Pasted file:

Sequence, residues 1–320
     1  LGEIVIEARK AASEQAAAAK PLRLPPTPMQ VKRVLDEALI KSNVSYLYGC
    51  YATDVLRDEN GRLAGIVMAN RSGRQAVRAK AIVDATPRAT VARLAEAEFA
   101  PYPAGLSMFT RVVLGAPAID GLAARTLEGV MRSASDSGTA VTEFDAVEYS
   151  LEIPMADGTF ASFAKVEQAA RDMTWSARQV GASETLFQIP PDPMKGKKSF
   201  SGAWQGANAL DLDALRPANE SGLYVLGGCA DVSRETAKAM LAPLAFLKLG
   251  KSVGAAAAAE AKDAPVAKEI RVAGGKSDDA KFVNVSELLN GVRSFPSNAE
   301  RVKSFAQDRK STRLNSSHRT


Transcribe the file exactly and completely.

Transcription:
Sequence, residues 1–320
     1  LGEIVIEARK AASEQAAAAK PLRLPPTPMQ VKRVLDEALI KSNVSYLYGC
    51  YATDVLRDEN GRLAGIVMAN RSGRQAVRAK AIVDATPRAT VARLAEAEFA
   101  PYPAGLSMFT RVVLGAPAID GLAARTLEGV MRSASDSGTA VTEFDAVEYS
   151  LEIPMADGTF ASFAKVEQAA RDMTWSARQV GASETLFQIP PDPMKGKKSF
   201  SGAWQGANAL DLDALRPANE SGLYVLGGCA DVSRETAKAM LAPLAFLKLG
   251  KSVGAAAAAE AKDAPVAKEI RVAGGKSDDA KFVNVSELLN GVRSFPSNAE
   301  RVKSFAQDRK STRLNSSHRT